The land problem: Luis Terrazas, the laws, and latifundia during the Porfiriato

Learn how landowner Luis Terrazas alienated tens of thousands of acres in Chihuahua by employing these policies during the Porfiriato.

The land problem: Luis Terrazas, the laws, and latifundia during the Porfiriato
The rules and the establishment of the latifundia during the Porfiriato. Image credit and text: AGN, Artistic and Literary Property, inventory number 1752.

The consolidation of the large estates during the Porfiriato period took place under the protection of the advantageous laws that the old regime established on uncultivated and colonized lands. Discover how the landowner, Luis Terrazas, used these policies to alienate thousands of hectares in Chihuahua.

During the Porfiriato, some of the worst things that happened were the project to mark uncultivated land and the colonization of land. This allowed large landowners to get together and, with the help of the law, take thousands of hectares of land from the most vulnerable people.

We can point out that the antecedent of the Porfirian policies on uncultivated land dates back to the mid-19th century when the liberal government sought to strengthen the Mexican State in the face of the clergy and the army. These two groups had been in charge of the country's power and wealth for a long time, especially the Church, which had become one of the most important institutions during the Viceroyalty and kept its privileges after the independence process.

The reactionary attitude of the clergy towards any form of government that would affect their interests and privileges was one of the substantial reasons that led the liberals to establish important reforms to Mexico's economic, political, and legal systems, to achieve a secular, liberal, and republican state.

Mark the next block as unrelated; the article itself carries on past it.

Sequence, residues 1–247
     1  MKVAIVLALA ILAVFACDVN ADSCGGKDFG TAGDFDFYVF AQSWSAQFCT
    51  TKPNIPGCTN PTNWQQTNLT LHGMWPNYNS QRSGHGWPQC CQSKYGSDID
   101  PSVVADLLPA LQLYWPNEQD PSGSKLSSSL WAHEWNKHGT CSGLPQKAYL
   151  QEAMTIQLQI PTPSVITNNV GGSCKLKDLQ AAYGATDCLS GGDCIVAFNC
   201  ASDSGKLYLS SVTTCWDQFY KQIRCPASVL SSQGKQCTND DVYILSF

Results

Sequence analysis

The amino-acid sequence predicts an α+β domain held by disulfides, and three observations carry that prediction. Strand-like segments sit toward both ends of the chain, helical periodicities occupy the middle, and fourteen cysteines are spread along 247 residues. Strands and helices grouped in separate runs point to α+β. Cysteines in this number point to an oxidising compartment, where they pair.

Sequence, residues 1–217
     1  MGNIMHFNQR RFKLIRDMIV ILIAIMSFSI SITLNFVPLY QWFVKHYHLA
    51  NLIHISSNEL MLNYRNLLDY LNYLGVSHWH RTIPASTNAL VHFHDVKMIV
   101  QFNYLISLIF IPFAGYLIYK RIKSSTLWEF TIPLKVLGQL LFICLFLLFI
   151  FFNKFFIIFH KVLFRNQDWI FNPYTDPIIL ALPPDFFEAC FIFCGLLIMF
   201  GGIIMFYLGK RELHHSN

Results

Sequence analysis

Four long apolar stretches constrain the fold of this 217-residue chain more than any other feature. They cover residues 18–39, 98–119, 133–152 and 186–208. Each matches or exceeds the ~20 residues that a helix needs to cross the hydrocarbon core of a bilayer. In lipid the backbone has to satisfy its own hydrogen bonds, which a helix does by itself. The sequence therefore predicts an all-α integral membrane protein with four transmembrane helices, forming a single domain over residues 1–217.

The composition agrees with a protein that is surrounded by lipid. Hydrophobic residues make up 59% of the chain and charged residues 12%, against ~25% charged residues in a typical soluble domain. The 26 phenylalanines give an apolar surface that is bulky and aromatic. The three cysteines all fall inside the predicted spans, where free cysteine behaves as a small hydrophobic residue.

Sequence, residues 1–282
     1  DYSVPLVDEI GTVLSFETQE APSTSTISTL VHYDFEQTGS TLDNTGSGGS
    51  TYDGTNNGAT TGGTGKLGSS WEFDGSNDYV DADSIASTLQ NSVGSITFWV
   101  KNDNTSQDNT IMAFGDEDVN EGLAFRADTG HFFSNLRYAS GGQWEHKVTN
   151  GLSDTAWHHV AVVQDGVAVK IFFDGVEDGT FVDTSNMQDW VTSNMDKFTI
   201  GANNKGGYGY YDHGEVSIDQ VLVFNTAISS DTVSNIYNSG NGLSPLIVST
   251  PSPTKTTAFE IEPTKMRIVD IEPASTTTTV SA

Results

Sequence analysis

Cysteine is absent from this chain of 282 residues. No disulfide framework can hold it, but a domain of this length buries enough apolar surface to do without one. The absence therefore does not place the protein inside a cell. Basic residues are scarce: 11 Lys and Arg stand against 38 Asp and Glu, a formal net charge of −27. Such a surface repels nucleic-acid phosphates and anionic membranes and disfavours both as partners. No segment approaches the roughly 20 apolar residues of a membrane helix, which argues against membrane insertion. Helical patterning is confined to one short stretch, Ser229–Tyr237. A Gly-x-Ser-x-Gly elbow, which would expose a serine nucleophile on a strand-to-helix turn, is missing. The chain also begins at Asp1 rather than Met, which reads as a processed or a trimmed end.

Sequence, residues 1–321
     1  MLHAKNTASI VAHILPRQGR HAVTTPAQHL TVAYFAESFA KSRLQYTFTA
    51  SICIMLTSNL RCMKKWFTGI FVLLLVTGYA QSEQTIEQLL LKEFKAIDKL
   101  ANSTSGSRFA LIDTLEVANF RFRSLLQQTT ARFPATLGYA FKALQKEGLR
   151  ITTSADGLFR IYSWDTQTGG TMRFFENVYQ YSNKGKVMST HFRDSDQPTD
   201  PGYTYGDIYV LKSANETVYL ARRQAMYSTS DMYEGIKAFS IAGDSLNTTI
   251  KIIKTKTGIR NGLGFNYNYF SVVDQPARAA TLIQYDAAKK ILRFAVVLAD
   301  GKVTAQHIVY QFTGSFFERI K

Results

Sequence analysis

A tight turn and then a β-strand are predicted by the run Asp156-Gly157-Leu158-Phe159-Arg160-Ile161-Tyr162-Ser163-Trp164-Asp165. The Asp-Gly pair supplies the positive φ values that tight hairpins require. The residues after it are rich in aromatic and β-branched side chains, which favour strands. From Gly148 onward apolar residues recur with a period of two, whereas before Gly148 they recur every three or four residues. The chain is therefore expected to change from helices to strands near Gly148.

The lands that the clergy kept in their hands under usufruct served to supply their coffers. When their interests were threatened by the government, they used their wealth to foment "fratricide" among Mexicans, as they financed groups to create revolts. For this reason, the establishment of a secular state was placed as the main issue in the framework of laws and reforms promoted by the liberals, and thus the Lerdo Law of June 25, 1856, the Law for the Nationalization of Ecclesiastical Property of June 12, 1859, and the Decree on Occupation and Disposal of Vacant Land of July 20, 1863, were born.

As for the latter law, its main objective was to reactivate the country's economy through the colonization of uncultivated land as well as to avoid land speculation in the hands of a few; that is, to regulate the price and regulate all property titles that were defective or lacked them.

To strengthen this policy, on May 31, 1875, President Sebastián Lerdo de Tejada issued the Decree on Colonization. Its articles entrusted the task of colonization to private companies with the support of the state, and also promoted the creation of the incipient delimitation companies, which would obtain a third part of the delimited lands.